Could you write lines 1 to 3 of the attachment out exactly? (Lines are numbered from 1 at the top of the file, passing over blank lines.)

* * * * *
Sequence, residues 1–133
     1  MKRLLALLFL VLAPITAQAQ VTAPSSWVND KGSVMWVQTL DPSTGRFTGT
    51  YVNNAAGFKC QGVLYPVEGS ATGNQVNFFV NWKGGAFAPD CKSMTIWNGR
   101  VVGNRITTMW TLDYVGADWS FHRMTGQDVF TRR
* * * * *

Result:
Sequence, residues 1–133
     1  MKRLLALLFL VLAPITAQAQ VTAPSSWVND KGSVMWVQTL DPSTGRFTGT
    51  YVNNAAGFKC QGVLYPVEGS ATGNQVNFFV NWKGGAFAPD CKSMTIWNGR